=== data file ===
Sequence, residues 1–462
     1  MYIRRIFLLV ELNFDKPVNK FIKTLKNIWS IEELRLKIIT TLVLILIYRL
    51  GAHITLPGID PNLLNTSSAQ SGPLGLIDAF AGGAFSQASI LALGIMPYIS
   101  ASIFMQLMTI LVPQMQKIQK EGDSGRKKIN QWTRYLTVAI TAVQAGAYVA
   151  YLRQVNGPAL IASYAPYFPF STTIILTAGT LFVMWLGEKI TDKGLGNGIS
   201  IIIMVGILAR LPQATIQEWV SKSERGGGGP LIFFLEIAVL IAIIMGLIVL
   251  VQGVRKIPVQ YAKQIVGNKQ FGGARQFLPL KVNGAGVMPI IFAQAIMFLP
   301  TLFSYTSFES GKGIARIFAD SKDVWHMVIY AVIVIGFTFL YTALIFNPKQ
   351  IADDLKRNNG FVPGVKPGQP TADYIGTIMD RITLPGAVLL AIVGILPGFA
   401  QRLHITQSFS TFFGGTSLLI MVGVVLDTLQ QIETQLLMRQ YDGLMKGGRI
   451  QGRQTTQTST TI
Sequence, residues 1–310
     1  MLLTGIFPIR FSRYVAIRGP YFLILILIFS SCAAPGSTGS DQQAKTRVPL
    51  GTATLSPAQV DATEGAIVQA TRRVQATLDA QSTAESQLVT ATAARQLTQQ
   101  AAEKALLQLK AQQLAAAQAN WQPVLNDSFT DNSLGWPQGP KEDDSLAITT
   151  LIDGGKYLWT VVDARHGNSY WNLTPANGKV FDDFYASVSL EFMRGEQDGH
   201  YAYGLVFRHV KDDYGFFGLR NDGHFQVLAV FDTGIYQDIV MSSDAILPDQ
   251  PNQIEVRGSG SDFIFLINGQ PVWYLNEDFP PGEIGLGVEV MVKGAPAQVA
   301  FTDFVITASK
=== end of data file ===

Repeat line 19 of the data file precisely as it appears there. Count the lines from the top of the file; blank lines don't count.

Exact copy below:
   301  FTDFVITASK